The combined net worth of the 50 wealthiest South Koreans was $110 billion through July 2019, according to Forbes. That figure marked a 17% decline from 2018, as the country's economy took a direct hit from the trade war between the U.S. and China. Samsung's Lee Kun-hee, for example, saw his net worth shrink to $16.8 billion from $20.6 billion, yet remained at the top of the list of South Korea's billionaires for the eleventh consecutive year.

Key Takeaways

  • South Korea had 45 billionaires in 2018, according to Forbes.
  • The total net worth of the 50 wealthiest South Koreans saw a 17% decline in 2019 due, in part, to the ongoing trade war between the U.S. and China.
  • The top 4 Korean billionaires have a net worth of $36.6 billion, down from nearly $50 billion in 2018.
  • The country represents the fourth-largest economy in Asia and the 15th largest in the world.
  • A handful of companies, led by the Samsung Group, dominate the business community and hold significant sway over political matters.

1. Lee Kun-hee, $16.8 Billion Net Worth

Lee Kun-hee is the most well-known and influential person in South Korea. He is the third-generation chairman of the Samsung Group, a massive company that represents more than 20% of the entire Korean economy. Samsung posted record revenue of $218 billion and a net profit of approximately $50 billion in 2018.

Samsung Electronics, a subsidiary of the larger Samsung Group, is Kun-hee's most noteworthy legacy and the second-largest information technology company in the world after Apple. Other subsidiary companies include Samsung Heavy Industries, Samsung Engineering, Samsung Everland, Samsung Electro-Mechanics, Samsung Life Insurance, and Cheil Worldwide.

Lee has been at the helm of Samsung since 1987. His legacy has been somewhat tarnished by a slush fund scandal that forced him to relinquish control of the Samsung Group between 2008 and 2010, but he has unquestionably left an indelible mark on South Korea.

2. Seo Jung-jin, $7.4 Billion Net Worth 

Seo Jung-Jin saw a dramatic decrease in net worth for 2019, falling to $7.4 billion from $11 billion. Seo is the founder and CEO of biopharmaceutical company Celltrion. The company's subsidiary, Celltrion Healthcare, went public in 2008. Revenues have soared since then, with the release of new drugs to treat lymphoma, breast cancer, influenza, and rheumatoid arthritis. However, after reaching record highs in March 2018, shares of the company lost more than half its value through mid-2019 and that helps to explain the dramatic change in Seo's net worth.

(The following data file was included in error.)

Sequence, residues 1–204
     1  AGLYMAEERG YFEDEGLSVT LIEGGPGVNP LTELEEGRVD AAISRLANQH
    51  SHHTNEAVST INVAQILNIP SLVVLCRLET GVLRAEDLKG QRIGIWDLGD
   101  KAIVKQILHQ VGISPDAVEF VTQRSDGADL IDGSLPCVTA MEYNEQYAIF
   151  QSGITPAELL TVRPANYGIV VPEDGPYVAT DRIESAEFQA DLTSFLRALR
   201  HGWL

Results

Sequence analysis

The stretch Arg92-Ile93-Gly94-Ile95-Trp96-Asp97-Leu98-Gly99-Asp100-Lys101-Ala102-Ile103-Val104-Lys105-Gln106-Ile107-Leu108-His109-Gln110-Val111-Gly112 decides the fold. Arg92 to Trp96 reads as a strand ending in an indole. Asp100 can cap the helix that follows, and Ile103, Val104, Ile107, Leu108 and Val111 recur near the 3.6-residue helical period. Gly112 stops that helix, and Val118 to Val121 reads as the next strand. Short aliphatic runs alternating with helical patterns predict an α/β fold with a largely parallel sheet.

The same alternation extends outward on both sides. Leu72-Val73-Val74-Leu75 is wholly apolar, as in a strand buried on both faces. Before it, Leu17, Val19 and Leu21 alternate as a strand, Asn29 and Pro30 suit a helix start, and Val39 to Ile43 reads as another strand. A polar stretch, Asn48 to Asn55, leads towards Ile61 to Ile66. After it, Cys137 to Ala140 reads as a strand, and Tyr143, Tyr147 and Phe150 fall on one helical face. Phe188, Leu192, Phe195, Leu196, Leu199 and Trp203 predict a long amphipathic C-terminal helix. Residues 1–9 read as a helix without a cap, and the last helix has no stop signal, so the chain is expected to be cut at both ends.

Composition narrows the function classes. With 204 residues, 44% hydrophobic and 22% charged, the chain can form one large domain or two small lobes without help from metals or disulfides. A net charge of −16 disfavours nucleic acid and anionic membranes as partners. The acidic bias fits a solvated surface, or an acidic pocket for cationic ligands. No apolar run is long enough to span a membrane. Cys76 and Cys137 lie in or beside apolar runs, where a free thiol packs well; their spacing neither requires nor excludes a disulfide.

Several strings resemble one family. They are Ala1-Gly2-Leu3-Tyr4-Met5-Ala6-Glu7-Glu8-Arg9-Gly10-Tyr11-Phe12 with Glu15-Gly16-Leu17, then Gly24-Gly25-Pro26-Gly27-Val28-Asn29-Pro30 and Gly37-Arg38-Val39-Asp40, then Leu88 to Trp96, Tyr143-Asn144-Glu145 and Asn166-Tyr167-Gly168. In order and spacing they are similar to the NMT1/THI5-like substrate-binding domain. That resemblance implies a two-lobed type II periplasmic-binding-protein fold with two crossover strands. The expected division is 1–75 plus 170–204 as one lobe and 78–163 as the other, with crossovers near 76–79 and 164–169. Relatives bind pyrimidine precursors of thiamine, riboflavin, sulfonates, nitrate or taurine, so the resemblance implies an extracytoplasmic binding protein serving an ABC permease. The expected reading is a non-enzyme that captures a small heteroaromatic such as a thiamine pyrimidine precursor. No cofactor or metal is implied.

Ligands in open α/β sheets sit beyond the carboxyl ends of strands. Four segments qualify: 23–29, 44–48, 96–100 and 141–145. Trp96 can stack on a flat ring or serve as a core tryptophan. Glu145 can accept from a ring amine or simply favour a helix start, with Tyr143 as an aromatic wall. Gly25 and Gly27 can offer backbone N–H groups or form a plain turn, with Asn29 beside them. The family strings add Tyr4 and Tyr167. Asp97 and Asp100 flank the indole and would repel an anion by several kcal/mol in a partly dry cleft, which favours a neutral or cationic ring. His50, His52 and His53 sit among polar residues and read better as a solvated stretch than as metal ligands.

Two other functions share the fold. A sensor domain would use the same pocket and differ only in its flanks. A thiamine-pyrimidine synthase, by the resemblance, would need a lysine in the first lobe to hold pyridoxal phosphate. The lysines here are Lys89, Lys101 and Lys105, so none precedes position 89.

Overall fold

Seo is known as a bold entrepreneur. He was named a member of the board of directors at Daewoo Motors, yet left in 2002 to start Celltrion. He knew little, if anything, about the biotechnology industry but was convinced that healthcare would be a significant part of the world economy.

3. Kim Jung-ju, $6.3 Billion Net Worth

Kim Jung-ju is an entrepreneur, investor, and founder of South Korea's biggest gaming company, Nexon. He holds the CEO position for NXC Corporation, which is the holding company for Nexon, and is also a partner of a New York-based venture capital firm called Collaborative Fund. Kim moved up two spots in the ranks of South Korea's wealthiest, to number three from number five, despite seeing his net worth shrink to $6.3 billion in 2019 from $6.5 billion in 2018.

4. Jay Y. Lee, $6.1 Billion Net Worth

Jay Y. Lee is the only son of Lee Kun-hee, and that distinction has earned him access to part of Samsung's vast fortune. Lee, whose given name is Lee Jae-yong, has been groomed for years to be the successor to the Samsung Group empire, and he has been vice chairman of Samsung Electronics since 2013.

$65,500

The median income in South Korea for the year 2018.

In 2017, Lee began a year-long sentence for bribing a confidante of the then South Korean president to secure a merger. He was released from prison in February 2018. Many in South Korea call him "Crown Prince of Samsung." Compared to his father, Jay Y. Lee is considered cold, uncharismatic, quiet, and subtly playful, a leadership style criticized by some in the Korean media. His net worth in 2019 was $6.1 billion, down from $7.9 billion the year before.